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The Fever Tree
 
 

The Fever Tree [Kindle Edition]

Jennifer McVeigh
4.2 out of 5 stars  See all reviews (211 customer reviews)

Print List Price: 7.99
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Product Description

Review

There is nothing more exciting than a new writer with a genuine voice. I loved it (Julian Fellowes creator of Downton Abbey )

A beautifully written novel of great feeling (Rachel Hore, author of A Place of Secrets )

A gripping story, vividly written - I found myself thinking of its scenes long after I had turned the last page (Kim Edwards, Author Of The Memory Keeper's Daughter )

An epic story of love, deception and courage (Patricia Wastvedt, author of The German Boy )

A compelling read with a Gone with the Wind feel to it - I was hooked (Katharine McMahon author of The Alchemist's Daughter )

Engrossing, emotionally poised and elegantly written... I absolutely loved it (Vanora Bennett author of The People's Queen )

Bewitching tale of loss, betrayal and love (Vogue )

Epic, enchanting, emotional and engrossing (Easy Living 'Must-read of the Month' )

The Fever Tree is a skilled unfolding of a woman's struggle with desire, class divide and disease in 19th Century South Africa... the journey, like the landscape, is thrillingly huge: one of love, self-knowledge, human and political self-respect. Frances treads out every step - a naive and intriguing character who brings alive a momentous - and appalling - part of history (Financial Times )

The subterfuges and instability of the diamond industry are engrossing, but it is McVeigh's attention to the material culture of South Africa that really fascinates: no object is too small to attract her notice, and through accumulation such objects become evocative and strangely moving... The Fever Tree is well worth reading (TLS )

Fever Tree serves up all the delicious elements of a romantic classic, seasoned by evocative prose and keen moral commentary. Gobble it up and then shelve it next to the Brontë sisters (Hillary Jordan, bestselling author of Mudbound )

Product Description

The critically acclaimed debut novel The Fever Tree, by Jennifer McVeigh.



1880, South Africa - a land torn apart by greed...



Frances Irvine, left penniless after her father's sudden death, is forced to emigrate to the Cape. In this barren country, she meets two very different men - one driven by ambition, the other by ideals. When a smallpox outbreak sends her to the diamond mines, she is drawn into a ruthless world of greed and exploitation, of human lives crushed in the scramble for power. But here - at last - she sees her path to happiness. Torn between passion and integrity, she makes a choice that has devastating consequences...



'Place and people come alive in this book... a gripping story' Kim Edwards, author of The Memory Keeper's Daughter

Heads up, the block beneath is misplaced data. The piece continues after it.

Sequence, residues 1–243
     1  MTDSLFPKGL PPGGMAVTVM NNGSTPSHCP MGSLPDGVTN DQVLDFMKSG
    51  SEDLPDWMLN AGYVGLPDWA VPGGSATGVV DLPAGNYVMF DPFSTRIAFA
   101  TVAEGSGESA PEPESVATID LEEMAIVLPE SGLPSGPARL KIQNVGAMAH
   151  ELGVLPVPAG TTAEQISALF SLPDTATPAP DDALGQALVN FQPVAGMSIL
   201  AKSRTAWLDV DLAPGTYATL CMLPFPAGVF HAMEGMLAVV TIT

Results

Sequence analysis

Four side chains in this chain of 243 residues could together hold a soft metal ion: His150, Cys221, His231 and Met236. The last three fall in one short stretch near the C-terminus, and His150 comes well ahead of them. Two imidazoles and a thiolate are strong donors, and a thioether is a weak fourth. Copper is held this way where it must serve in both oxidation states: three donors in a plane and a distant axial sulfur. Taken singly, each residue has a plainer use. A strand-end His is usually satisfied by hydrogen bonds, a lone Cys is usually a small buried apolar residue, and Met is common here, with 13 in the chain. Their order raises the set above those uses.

'I loved it. It's a beautifully written novel of great feeling' Rachel Hore, best-selling author of The Place of Secrets



'Engrossing, emotionally poised and elegantly written - I absolutely loved it' Vanora Bennett, author of The People's Queen



'There is nothing more exciting than a new writer with a genuine voice. I loved it' Julian Fellowes, creator of Downton Abbey



'A compelling read with a Gone with the Wind feel to it - I was hooked' Katharine McMahon, author of The Alchemist's Daughter



'A skilled unfolding of a woman's struggle with desire, class divide and disease in 19th Century South Africa' Financial Times



'McVeigh's attention to the material culture of South Africa that really fascinates: no object is too small to attract her notice, and through accumulation such objects become evocative and strangely moving - well worth reading' TLS



'An epic story of love, deception and courage' Patricia Wastvedt, author of The German Boy



'A bewitching tale of loss, betrayal and love' Vogue



'Epic, enchanting, emotional and engrossing' Easy Living 'Must-read of the Month'



'An unforgettable journey into a heart of darkness: romantic and tragic, a tale of honour and redemption, it leaves wide vistas of a harsh yet beguiling landscape shimmering in the imagination long after the last page is turned' Deborah Lawrenson, author of The Lantern



'All the delicious elements of a romantic classic, seasoned by evocative prose and keen moral commentary. Gobble it up and then shelve it next to the Bronte sisters' Hillary Jordan, best-selling author of Mudbound



Jennifer McVeigh graduated from Oxford University in 2002 with a First in English Literature. She went on to work in film, television, radio and publishing, before giving up her day job to write fiction. She has travelled across East Africa and South Africa, often in off-road vehicles, driving and camping along the way. The Fever Tree is her first novel.


Product details

  • Format: Kindle Edition
  • File Size: 573 KB
  • Print Length: 356 pages